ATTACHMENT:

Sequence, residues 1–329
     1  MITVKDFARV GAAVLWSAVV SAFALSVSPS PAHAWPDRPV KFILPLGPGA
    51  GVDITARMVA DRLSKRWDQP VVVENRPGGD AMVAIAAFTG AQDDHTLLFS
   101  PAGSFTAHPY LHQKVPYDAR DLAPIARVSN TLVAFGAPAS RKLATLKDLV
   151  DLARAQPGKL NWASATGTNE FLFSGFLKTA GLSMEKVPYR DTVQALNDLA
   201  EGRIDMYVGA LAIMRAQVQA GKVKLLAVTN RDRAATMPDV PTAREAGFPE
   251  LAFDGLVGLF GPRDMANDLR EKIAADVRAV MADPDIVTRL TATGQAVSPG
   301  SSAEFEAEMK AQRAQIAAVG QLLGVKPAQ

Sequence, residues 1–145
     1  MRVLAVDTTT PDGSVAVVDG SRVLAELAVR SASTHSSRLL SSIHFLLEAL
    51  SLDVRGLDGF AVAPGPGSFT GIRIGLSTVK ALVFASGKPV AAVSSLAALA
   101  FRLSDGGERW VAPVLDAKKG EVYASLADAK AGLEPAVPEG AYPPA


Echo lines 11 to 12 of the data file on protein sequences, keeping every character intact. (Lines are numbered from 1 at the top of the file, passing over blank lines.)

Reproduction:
    51  SLDVRGLDGF AVAPGPGSFT GIRIGLSTVK ALVFASGKPV AAVSSLAALA
   101  FRLSDGGERW VAPVLDAKKG EVYASLADAK AGLEPAVPEG AYPPA